With the G7X set to Movie Manual mode you can set the shutter speed, aperture and ISO before and during filming, the latter again using silent touch-screen controls. It may lack the PASM options of the RX100 III, but most people will be satisfied by having Auto or Manual at their disposal, and again like the Auto mode you can switch between AF and MF while filming and tap to reposition the AF area if desired.

For me the way the G7X handles AF during movies makes much more sense than Sony's RX100 III. On the Sony you either shoot in Continuous AF without the chance to move the AF area while filming, or set it permanently to MF to prevent any unwanted surprises. However on the Canon you can silently move the AF area while filming using the touchscreen then lock it using MF if desired. While you may not be able to manually focus while filming, I still find the G7X's approach to movie focusing more flexible, and better still, the G7X's continuous AF was smoother and more confident than the RX100 III.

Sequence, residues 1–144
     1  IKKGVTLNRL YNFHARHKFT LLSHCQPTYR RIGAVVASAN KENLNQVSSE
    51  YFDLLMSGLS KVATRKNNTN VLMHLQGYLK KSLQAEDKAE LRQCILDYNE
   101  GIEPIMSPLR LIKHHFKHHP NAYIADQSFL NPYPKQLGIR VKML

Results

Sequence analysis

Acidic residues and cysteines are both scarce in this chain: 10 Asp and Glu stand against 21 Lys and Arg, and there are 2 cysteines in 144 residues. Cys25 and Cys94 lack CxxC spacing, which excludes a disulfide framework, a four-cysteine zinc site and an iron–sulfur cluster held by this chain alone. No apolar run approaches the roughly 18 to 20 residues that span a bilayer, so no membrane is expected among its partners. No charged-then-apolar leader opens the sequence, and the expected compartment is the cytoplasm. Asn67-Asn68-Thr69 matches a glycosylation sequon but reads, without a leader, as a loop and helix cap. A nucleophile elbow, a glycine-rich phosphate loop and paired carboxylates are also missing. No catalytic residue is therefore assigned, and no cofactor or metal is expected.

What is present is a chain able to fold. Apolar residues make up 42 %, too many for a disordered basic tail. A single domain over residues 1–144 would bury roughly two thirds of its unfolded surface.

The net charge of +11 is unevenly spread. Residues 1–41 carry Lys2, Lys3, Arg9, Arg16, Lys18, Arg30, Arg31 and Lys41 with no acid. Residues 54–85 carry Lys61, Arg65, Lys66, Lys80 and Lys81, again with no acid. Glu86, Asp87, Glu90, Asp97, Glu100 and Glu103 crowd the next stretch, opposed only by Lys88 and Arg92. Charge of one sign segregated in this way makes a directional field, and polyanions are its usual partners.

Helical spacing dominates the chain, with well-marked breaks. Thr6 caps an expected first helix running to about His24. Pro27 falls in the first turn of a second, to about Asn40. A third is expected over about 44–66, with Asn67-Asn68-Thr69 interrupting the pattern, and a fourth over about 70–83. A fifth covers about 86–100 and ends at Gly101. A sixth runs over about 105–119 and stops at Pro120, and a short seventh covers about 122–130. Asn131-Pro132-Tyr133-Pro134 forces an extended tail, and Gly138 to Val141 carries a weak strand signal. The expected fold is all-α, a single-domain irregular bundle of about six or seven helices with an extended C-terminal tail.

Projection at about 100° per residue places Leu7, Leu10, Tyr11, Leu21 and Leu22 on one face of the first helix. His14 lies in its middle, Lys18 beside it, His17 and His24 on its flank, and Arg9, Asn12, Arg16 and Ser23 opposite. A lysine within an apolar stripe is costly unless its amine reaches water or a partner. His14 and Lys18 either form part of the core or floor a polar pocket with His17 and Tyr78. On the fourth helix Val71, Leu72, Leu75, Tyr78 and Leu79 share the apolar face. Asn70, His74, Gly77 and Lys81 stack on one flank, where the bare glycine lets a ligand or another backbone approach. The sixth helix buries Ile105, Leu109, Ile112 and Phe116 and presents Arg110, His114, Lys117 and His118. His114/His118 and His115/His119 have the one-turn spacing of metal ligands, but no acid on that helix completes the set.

You may not be able to adjust the focus manually once you start filming, but peaking remains active if enabled in the menus. This can still be useful though when moving the camera towards a subject with the focus locked in MF, as peaking will let you know when you're in the right position. Meanwhile Sony's RX100 III offers focus peaking with manual focusing and also zebra patterns to indicate areas of specific exposure. Indeed while the G7X has a touch-screen - and to my mind, a more sensible approach to AF - some may prefer the specs of Sony's movie mode. But how do they compare in practice?

Below I've made some comparisons on footage filmed moments apart, first in daylight, then in low indoor light at higher sensitivities. Both cameras were set to their best quality 1080p modes with 60p or 50p frame rates; note I used AVCHD rather than XAVCS on the Sony because I didn't have a compliant card with me, but judging from my previous results with the RX100 III, there's no benefit to XAVCS on static scenes like these. As such I'm confident the RX100 III is represented fairly in this comparison.